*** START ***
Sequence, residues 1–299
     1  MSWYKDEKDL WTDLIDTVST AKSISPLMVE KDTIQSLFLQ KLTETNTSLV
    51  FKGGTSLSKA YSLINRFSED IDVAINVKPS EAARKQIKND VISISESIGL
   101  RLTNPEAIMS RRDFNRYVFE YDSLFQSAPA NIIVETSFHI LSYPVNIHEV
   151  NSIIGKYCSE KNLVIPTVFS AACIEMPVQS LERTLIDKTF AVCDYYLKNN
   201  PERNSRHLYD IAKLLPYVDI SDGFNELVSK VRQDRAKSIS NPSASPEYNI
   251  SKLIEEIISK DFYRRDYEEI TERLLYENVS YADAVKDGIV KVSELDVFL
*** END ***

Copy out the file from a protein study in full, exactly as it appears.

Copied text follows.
Sequence, residues 1–299
     1  MSWYKDEKDL WTDLIDTVST AKSISPLMVE KDTIQSLFLQ KLTETNTSLV
    51  FKGGTSLSKA YSLINRFSED IDVAINVKPS EAARKQIKND VISISESIGL
   101  RLTNPEAIMS RRDFNRYVFE YDSLFQSAPA NIIVETSFHI LSYPVNIHEV
   151  NSIIGKYCSE KNLVIPTVFS AACIEMPVQS LERTLIDKTF AVCDYYLKNN
   201  PERNSRHLYD IAKLLPYVDI SDGFNELVSK VRQDRAKSIS NPSASPEYNI
   251  SKLIEEIISK DFYRRDYEEI TERLLYENVS YADAVKDGIV KVSELDVFL